Berwick-upon-Tweed RNLI assist with fallen casualty
Berwick-upon Tweed inshore lifeboat was launched at 8.28pm on Saturday 25 April after receiving a request by UK Coastguard to assist Berwick Coastguards and Northumbria Paramedics with a casualty who had fallen next to the river beside the Berwick Castle ruins and Royal Border Bridge.
The casualty had fallen fifteen feet onto the mud and rocks below where the tide was ebbing at the time.
Helm Robert Frost said:
"Once on scene the paramedics were already there and had the casualty made comfortable and in a stretcher. The RNLI crew with the help of Berwick Coastguard carefully carried the casualty to the lifeboat and casualty was then transferred to the pontoon in Berwick harbour for ease of access due to tidal conditions.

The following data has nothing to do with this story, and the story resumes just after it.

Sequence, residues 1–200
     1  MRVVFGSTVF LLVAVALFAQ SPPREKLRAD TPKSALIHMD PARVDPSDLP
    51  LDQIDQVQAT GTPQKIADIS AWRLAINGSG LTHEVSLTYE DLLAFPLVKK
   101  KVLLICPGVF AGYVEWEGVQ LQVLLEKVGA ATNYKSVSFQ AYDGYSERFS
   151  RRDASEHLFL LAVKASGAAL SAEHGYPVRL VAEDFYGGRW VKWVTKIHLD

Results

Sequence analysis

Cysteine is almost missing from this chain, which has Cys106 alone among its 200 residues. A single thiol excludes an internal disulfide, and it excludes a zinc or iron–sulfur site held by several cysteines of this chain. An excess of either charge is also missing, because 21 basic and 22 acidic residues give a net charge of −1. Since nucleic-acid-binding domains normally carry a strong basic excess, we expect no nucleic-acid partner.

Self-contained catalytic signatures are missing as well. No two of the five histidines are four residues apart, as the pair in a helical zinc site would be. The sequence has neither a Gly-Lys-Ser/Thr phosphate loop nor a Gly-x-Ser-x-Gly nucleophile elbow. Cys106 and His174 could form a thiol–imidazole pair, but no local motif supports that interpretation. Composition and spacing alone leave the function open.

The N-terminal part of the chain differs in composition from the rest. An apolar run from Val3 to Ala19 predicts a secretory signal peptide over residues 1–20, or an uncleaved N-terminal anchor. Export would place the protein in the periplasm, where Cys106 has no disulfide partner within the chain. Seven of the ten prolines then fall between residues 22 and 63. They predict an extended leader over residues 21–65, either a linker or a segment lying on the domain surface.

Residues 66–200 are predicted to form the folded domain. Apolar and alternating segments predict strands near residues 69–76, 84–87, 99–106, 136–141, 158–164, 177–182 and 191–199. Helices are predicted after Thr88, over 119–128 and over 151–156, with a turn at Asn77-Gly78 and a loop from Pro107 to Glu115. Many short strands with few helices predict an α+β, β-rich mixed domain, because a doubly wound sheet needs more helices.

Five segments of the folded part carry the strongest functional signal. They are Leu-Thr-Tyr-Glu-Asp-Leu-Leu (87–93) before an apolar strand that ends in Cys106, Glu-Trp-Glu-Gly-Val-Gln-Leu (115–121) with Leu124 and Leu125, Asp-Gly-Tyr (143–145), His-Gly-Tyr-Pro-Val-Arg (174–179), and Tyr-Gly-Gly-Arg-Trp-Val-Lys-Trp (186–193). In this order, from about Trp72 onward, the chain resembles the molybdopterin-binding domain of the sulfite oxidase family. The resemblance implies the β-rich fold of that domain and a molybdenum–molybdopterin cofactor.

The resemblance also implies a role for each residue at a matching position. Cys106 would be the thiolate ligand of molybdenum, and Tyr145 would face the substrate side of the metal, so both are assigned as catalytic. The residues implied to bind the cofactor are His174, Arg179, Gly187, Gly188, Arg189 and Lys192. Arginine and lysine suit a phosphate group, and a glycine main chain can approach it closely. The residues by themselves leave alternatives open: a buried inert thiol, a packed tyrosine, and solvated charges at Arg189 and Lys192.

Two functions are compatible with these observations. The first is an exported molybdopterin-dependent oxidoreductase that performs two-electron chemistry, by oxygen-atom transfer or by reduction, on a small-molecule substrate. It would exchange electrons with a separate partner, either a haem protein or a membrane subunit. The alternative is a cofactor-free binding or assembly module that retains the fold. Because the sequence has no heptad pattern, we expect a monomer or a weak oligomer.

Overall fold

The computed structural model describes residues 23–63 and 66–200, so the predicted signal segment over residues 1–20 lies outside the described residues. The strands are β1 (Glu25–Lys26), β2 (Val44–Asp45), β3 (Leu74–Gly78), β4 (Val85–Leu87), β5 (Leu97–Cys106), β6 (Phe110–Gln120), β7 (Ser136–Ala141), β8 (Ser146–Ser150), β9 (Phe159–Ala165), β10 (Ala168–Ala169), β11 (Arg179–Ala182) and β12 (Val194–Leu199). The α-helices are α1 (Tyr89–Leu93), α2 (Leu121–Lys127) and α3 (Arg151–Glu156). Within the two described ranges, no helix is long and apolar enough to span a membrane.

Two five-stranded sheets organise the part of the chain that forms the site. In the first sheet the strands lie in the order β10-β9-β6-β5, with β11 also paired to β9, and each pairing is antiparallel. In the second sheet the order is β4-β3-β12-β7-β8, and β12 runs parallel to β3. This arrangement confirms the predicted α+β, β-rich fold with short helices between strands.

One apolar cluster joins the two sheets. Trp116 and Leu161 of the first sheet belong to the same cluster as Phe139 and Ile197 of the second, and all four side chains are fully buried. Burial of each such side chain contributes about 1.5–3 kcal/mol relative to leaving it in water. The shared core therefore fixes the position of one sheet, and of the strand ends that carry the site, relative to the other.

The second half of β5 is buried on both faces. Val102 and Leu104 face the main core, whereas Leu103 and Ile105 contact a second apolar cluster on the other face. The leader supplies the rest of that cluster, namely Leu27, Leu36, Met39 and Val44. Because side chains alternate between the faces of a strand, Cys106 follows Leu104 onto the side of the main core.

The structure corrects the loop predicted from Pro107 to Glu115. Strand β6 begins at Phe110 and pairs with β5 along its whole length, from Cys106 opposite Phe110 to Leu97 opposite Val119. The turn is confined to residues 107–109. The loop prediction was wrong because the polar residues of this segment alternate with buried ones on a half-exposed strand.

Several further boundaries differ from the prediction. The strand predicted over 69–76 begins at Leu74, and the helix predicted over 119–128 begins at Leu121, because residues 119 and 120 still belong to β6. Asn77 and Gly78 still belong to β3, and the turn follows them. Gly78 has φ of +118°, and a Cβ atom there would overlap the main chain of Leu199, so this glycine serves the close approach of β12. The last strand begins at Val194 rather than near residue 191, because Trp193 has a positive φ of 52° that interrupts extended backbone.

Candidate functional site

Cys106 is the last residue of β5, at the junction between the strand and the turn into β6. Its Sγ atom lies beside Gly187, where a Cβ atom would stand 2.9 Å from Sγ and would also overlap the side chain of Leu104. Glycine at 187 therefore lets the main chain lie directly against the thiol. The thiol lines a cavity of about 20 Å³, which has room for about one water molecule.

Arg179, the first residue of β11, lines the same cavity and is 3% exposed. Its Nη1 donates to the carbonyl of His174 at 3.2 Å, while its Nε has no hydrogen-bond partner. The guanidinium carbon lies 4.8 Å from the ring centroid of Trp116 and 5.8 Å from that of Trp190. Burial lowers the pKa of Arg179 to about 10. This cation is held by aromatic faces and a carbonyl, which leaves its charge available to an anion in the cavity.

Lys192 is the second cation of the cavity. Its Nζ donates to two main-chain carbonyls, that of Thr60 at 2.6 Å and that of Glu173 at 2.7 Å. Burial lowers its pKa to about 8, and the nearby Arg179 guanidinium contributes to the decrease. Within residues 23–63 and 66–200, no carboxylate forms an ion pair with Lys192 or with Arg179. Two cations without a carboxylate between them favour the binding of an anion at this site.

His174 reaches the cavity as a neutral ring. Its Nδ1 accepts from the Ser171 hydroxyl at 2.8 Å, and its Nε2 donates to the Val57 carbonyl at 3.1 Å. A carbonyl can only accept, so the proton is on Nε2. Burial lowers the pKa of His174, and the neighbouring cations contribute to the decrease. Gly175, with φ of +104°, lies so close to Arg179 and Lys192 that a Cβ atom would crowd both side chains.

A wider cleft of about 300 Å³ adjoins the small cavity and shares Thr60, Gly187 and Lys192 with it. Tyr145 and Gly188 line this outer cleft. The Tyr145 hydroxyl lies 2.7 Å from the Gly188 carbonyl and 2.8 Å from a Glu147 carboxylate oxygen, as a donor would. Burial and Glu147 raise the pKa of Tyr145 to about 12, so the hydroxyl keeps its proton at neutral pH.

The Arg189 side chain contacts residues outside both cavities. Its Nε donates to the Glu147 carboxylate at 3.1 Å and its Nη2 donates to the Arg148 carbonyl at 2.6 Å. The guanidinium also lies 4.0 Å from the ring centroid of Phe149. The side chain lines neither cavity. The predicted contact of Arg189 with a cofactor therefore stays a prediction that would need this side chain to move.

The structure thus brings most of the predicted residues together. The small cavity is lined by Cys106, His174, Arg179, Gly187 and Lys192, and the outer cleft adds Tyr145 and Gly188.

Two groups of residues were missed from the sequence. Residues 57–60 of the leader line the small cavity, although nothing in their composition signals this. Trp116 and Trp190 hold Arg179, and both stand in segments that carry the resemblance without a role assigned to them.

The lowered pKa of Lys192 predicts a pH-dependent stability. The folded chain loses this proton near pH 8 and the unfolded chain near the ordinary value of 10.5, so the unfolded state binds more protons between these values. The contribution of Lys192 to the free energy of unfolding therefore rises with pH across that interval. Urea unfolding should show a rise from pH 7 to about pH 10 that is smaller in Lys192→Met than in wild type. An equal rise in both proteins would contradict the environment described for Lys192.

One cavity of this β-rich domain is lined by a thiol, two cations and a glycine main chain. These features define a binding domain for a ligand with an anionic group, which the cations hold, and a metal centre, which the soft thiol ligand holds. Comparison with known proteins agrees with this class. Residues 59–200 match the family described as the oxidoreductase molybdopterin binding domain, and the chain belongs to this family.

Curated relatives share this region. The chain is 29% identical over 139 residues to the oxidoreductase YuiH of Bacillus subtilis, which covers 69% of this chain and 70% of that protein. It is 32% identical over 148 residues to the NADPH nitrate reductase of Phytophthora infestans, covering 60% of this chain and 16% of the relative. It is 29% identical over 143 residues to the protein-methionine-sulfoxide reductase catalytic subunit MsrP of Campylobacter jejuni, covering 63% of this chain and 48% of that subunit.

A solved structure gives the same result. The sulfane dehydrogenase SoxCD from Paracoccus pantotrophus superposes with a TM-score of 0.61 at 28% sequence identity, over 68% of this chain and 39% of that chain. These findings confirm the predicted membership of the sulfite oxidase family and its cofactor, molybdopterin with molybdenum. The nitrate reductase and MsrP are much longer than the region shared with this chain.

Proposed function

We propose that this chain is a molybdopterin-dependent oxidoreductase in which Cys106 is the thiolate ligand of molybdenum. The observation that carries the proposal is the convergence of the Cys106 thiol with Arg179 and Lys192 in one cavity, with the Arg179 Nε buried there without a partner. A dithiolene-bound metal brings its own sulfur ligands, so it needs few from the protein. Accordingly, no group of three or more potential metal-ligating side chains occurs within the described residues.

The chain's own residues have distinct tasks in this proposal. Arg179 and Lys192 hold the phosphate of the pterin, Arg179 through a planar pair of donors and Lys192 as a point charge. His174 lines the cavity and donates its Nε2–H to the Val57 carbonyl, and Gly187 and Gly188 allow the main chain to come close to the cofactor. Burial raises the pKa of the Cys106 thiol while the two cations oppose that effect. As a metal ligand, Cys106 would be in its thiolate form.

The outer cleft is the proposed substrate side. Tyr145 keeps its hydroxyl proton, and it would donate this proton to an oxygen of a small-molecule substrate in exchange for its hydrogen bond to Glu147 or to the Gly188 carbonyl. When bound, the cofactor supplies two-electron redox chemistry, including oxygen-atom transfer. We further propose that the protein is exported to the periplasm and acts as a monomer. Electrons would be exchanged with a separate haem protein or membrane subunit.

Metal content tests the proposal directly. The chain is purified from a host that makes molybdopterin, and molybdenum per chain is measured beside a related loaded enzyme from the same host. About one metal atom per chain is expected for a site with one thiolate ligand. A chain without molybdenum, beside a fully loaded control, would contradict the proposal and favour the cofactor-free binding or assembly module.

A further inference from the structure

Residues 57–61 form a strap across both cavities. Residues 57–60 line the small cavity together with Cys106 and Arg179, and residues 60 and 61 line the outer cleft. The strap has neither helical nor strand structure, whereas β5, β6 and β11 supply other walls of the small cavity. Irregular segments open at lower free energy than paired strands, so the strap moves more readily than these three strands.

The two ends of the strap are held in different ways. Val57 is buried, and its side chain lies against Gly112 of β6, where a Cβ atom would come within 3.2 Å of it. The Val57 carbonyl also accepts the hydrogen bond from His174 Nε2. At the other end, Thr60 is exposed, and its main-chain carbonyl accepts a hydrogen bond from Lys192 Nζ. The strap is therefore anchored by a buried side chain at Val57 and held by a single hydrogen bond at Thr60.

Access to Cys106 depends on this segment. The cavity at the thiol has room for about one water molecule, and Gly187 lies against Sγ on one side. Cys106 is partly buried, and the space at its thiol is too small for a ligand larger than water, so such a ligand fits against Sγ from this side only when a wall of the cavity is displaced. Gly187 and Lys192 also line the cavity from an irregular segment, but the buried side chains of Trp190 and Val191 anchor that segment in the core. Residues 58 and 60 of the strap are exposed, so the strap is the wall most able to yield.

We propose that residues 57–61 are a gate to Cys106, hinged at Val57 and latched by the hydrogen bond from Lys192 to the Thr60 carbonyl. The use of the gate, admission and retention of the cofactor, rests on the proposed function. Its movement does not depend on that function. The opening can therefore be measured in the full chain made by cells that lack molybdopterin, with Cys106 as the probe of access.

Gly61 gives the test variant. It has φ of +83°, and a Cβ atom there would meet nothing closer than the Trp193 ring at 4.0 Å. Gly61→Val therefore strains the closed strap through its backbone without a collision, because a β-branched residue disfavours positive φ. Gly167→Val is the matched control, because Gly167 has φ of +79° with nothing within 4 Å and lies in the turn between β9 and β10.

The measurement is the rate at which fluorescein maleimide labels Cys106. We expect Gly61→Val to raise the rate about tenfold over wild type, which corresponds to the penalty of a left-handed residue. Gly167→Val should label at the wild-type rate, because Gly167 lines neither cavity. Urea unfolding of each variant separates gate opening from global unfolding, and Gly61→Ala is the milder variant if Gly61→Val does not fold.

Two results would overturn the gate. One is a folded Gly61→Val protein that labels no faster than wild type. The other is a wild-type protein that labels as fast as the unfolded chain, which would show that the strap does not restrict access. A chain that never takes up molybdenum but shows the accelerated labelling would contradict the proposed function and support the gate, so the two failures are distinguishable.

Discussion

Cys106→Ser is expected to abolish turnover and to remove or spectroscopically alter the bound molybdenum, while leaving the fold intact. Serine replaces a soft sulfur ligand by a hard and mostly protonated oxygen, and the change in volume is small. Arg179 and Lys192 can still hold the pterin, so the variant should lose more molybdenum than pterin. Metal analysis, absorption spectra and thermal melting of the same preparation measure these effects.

"On arrival at the pontoon, Berwick and Eyemouth Coastguards both then helped transfer the casualty from the lifeboat up to the ambulance along with ILB Crew, Richard Cox, Michael Percy and Amy Faragher.
"All RNLI volunteers who attended the call out followed the correct Covid-19 guidance and procedures as laid down by the RNLI and government advice."
Key facts about the RNLI
The RNLI charity saves lives at sea. Its volunteers provide a 24-hour search and rescue service around the United Kingdom and Republic of Ireland coasts. The RNLI operates over 238 lifeboat stations in the UK and Ireland and, in a normal year, more than 240 lifeguard units on beaches around the UK and Channel Islands. The RNLI is independent of Coastguard and government and depends on voluntary donations and legacies to maintain its rescue service. Since the RNLI was founded in 1824, its lifeboat crews and lifeguards have saved over 142,700 lives.